The United Nations has warned supporters of Ivory Coast incumbent leader Laurent Gbagbo not to attack the Golf Hotel where internationally recognized winner Alassane Ouattara has set up a shadow government under U.N. protection.
A pro-Gbagbo youth leader has said that Ouattara and his supporters have until Saturday to "pack up their bags."
U.N. spokesman Martin Nesirky said Secretary-General Ban Ki-moon is "deeply alarmed" by these comments.
Ban said Thursday an attack on the hotel could provoke widespread violence that could re-ignite civil war, and he called on those planning to participate in the attack to "refrain from such dangerous irresponsible action," Nesirky said.
Under a peace deal after the 2002-2003 civil war, the U.N. was tasked with certifying the results of the Nov. 28 election. The U.N. declared Ouattara the winner, echoing the country's own electoral commission chief. Gbagbo insists he won, pointing out that the Ivory Coast constitutional council declared him the winner. The council, which is led by a Gbagbo ally, did so after invalidating half a million ballots from Ouattara strongholds in the north.
The United States and other world powers have insisted Gbagbo hand over power to Ouattara. For many, the credibility of the international community is at stake if it is unable to ensure that Ouattara takes power.
Chaos in Ivory Coast, once a West African economic powerhouse with skyscrapers dominating this seaside commercial center, already has kept Gbagbo in power five years beyond his mandate.
The country's long-delayed presidential election was finally held in October. The vote was intended to help reunify the country, which was divided by the 2002-2003 civil war into a rebel-controlled north and a loyalist south.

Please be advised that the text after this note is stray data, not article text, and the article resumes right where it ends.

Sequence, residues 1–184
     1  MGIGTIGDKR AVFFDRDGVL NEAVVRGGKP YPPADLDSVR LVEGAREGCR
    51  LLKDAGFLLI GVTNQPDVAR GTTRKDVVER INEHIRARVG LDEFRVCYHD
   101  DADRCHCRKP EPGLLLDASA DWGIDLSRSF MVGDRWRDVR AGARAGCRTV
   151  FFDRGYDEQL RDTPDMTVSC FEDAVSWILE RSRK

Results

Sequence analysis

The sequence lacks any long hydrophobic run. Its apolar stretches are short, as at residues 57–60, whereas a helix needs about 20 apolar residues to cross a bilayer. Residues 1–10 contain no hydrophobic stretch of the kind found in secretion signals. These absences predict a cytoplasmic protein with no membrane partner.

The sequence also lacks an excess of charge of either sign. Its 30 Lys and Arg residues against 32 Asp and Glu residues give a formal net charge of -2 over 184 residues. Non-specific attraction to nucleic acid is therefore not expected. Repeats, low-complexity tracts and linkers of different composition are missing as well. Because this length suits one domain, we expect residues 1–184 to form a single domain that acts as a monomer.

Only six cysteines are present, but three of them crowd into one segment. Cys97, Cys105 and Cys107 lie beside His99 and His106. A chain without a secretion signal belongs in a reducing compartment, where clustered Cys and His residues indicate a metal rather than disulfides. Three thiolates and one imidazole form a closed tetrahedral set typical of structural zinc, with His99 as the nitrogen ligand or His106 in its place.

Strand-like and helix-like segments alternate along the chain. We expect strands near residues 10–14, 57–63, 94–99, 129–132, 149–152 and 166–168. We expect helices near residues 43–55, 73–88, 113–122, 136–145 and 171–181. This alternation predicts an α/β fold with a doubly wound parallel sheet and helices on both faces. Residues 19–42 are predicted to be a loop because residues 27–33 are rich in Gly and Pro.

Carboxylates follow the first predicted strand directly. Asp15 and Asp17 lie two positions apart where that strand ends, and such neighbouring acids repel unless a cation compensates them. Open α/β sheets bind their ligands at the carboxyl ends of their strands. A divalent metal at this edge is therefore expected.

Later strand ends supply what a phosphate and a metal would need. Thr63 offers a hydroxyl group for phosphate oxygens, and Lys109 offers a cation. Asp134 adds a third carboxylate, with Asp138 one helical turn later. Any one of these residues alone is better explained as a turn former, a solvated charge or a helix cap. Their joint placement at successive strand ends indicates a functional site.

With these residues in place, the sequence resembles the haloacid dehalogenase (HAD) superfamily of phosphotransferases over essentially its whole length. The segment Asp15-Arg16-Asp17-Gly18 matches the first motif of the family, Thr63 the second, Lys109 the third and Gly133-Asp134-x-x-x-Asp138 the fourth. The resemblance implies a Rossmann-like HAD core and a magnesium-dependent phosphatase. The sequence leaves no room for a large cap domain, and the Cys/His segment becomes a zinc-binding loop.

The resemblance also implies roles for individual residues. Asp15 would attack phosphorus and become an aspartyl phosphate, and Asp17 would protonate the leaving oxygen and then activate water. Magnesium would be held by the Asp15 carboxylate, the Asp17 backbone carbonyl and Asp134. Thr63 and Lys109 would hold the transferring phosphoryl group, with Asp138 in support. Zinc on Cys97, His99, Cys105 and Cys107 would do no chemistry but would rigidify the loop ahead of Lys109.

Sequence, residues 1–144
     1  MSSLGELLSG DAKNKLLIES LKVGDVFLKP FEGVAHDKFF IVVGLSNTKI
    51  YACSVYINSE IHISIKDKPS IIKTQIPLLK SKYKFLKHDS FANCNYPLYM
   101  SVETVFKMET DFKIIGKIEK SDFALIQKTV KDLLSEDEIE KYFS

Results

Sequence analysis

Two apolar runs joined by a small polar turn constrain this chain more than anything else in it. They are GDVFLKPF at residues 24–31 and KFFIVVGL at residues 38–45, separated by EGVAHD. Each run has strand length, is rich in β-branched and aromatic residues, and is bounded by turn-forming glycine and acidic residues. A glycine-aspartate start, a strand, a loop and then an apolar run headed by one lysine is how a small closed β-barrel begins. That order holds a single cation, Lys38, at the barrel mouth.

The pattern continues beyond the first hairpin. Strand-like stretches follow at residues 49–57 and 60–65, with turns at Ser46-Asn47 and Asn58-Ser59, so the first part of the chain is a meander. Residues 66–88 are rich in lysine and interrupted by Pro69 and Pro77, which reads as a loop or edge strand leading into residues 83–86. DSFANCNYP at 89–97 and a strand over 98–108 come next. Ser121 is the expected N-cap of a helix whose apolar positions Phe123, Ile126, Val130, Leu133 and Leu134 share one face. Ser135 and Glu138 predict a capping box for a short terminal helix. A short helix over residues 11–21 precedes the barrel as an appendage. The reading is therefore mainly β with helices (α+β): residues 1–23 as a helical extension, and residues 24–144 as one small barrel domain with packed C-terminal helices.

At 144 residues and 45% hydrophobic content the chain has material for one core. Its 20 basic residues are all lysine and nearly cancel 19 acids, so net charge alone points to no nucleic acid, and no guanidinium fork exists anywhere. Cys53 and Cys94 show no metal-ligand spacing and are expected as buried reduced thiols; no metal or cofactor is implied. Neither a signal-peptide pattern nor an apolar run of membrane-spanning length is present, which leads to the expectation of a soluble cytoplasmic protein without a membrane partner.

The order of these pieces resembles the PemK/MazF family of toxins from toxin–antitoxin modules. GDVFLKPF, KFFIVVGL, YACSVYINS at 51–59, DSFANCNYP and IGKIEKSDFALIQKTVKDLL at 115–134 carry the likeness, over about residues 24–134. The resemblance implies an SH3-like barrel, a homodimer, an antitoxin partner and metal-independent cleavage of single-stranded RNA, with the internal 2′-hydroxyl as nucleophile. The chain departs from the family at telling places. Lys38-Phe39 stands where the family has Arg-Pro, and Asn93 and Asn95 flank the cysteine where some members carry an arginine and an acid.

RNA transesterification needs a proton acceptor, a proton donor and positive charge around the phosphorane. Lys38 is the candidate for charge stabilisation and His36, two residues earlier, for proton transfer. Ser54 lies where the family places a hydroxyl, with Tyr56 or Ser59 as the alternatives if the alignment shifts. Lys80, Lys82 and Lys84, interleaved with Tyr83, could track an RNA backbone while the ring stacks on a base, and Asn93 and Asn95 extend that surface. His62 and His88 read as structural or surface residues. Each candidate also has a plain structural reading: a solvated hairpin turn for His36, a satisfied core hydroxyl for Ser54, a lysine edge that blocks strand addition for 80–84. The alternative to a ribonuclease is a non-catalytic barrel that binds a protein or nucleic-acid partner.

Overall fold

Instead, the election has renewed divisions that threaten to plunge the country back into civil war. While Ivory Coast was officially reunited in a 2007 peace deal, Ouattara still draws his support from the northern half of the country, where residents feel they are often treated as foreigners within their own country by southerners.
Meanwhile, reports of dozens of bodies being dumped near a large forest have emerged as human rights groups warned that security forces loyal to Gbagbo were abducting political opponents after the disputed election.
Now the United Nations believes up to 80 bodies may have been moved to a building nestled among shacks in a pro-Gbagbo neighborhood. Investigators have tried to go there several times, and even made it as far as the building's front door before truckloads of men with guns showed up and forced them to leave.
Simon Munzu, the head of the U.N. human rights division, urged security forces Thursday to allow investigators inside. Gbagbo's government has repeatedly denied the existence of mass graves following violence over the disputed presidential runoff that has left at least 173 confirmed dead already.
A second mass burial site is believed to be located near Gagnoa in the interior of the country, the U.N. said. Those suspected victims are in addition to the 173 deaths already confirmed by the U.N. Gbagbo's allies say that several dozen of them are police or security forces killed by protesters.